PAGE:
Megadams: Pros, Cons, and Consequences

 

Humans have diverted water from its natural channels throughout history.  Remains of water storage dams are found in Jordan, Egypt and other parts of the Middle East dating back to at least 3000 BC., 5000 years ago.  

 

However, the era of large dams or "megadams" was ushered in by the Bureau of Reclamation Act of 1902.  “Large dams” are officially defined by the World Commission on Dams as having heights greater than 15 m, or reservoir capacities greater than 3,000,000 cu meters.”  By these criteria, there are 45,000 large dams world wide spead over 150 countries, and their combined reservoirs cover an area larger than the country of France.  Of these dams, about half are used exclusively or primarily for irrigation, accounting for 271 million irrigated hectares (271 sq km? If 1 ha=10E4 m).

 

Even the biggest and most prominent of the U.S. dams and their associated lakes (Grand Coulee, Hoover (221 m high), Glen Canyon, 215 m high) are dwarfed by a number of other dams around the world (e.g., Owen Falls, Uganda; Kariba, Zimbabwe/Zambia; Bratsk, USSR; High Aswan, Egypt, Akosombo, Ghana;and, potentially, Rogun in the USSR, or Three Gorges, China, and others.) 

 

Look first at dams by height:

 

Rank No. 

Name of Dams 

Country

Height (m) 

Year Completed 

1

2

3

4

5

6

7

8

9

10 

Rogun

Nurek

Grand Dixence

Inguri

Boruca

Vaiont

Tehri

Chicoasen

Kishau

Guavio 

USSR

USSR

Switzerland

USSR

Costa Rica

Italy

India

Mexico

India

Columbia 

335

300

285

272

267

262

261

261

253

246 

____

1980

1961

1980

1990

1961

1990

1980

1995

1989 

Copyright © 1997 - Department of Irrigation Engineering

www.eng.ku.ac.th/~irre/E10LARGE.HTM  

 


Top 10 Largest Storage Dams in the World 


Rank No.

Name of Dam

Country

Storage Capacity (MCM) 

Year Completed 

1

2

3

4

5

6

7

8

9

10

Owen Falls

Kariba

Bratsk

Aswan, High

Akosombo

Daniel Johnson

Guri (Raul Leoni)

Krasnoyarsk

Bennett W.A.C.

Zeya

Uganda

Zimbabwe/Zambia

USSR

Egypt

Ghana

Canada

Venezuela

USSR

Canada

USSR

204,800

180,600

169,270

168,900

148,000

141,852

138,000

73,300

70,309

68,400

1954

1959

1964

1970

1965

1968

1986

1967

1967

1978


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Last updated 6 March 1998 by fengvwv@nontri.ku.ac.th

Copyright © 1997 - Department of Irrigation Engineering

 

 

Rank No.

Name of Dam

Country

Storage Capacity (MCM) 

Year Completed 

1

2

3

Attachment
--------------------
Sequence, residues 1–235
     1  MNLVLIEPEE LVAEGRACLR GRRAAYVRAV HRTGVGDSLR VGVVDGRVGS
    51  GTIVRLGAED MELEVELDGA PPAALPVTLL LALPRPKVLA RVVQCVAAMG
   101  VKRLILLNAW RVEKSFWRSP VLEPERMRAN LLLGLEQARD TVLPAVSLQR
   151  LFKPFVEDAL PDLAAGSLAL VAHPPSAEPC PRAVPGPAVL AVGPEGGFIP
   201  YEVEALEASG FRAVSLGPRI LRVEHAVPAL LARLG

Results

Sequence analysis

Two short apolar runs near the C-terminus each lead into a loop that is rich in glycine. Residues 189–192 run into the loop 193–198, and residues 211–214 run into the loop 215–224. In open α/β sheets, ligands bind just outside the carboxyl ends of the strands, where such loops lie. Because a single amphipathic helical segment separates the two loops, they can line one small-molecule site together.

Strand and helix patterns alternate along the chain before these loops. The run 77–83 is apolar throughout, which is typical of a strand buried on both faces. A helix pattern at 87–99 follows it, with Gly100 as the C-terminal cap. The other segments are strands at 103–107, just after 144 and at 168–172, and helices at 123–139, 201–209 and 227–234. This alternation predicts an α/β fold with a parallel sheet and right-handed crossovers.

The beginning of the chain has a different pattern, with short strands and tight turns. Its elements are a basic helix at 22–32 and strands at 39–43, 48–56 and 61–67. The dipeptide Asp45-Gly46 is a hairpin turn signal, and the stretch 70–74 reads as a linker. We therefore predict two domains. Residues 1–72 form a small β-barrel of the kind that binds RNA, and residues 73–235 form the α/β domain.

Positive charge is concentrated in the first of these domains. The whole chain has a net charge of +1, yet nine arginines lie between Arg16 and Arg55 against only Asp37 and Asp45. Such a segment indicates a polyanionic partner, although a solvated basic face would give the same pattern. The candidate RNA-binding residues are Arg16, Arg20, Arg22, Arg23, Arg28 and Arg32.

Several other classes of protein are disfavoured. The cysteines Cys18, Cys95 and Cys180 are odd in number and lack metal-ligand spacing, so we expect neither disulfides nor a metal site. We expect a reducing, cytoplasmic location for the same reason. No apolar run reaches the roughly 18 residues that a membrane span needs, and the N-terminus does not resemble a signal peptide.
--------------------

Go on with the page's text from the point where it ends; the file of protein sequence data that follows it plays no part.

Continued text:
4

5

6

7

8

9

10

Owen Falls

Kariba

Bratsk

Aswan, High

Akosombo

Daniel Johnson

Guri (Raul Leoni)

Krasnoyarsk

Bennett W.A.C.

Zeya

             Uganda

Zimbabwe/Zambia

USSR

Egypt

Ghana

Canada

Venezuela

USSR

Canada

USSR

204,800

180,600

169,270

168,900

148,000

141,852

138,000

73,300

70,309

68,400

1954

1959

1964

1970

1965

1968

1986

1967

1967

1978

Copyright © 1997 - Department of Irrigation Engineering

www.eng.ku.ac.th/~irre/E10LARGE.HTM  

 

 

 

As an aside discovered preparing this talk, Syncrude Tailings Dam in Canada is currently ranked number one by volume of construction material at 706,320,000 cubic yards (540,000,000 cubic meters). These are mine tailings so the more they mine and add to the tailings the larger the structure will grow. In contrast, Hoover Dam contains 3,250,000 cubic yards (2,600,000 cubic meters) of concrete, which is much less. Hoover Dam is solid concrete and it was designed specifically to be used as a dam, whereas, the Syncrude Tailings is the piled up dirt left over from mining operations. Although the material is compacted and otherwise treated to make a stable structure it relies on volume of material to hold water back. Hoover Dam relies not only on volume of material but the strength of that material.


 

 

Benefits of dams

 

Water storage

 

Flood control

Floods affected the lives of 65 million people between 1972 and 1996.

Irrigation

Dams contribute to 12-16% of world food production.

Electrical Power Generation

19% of the worlds total electricy supply, in 150 countries.  24 countries depend on dams for 90% of their power supply.

Industrialization

 

Increased croplands

 

Improved navigation

Stabilized annual flows

Improved domestic water availability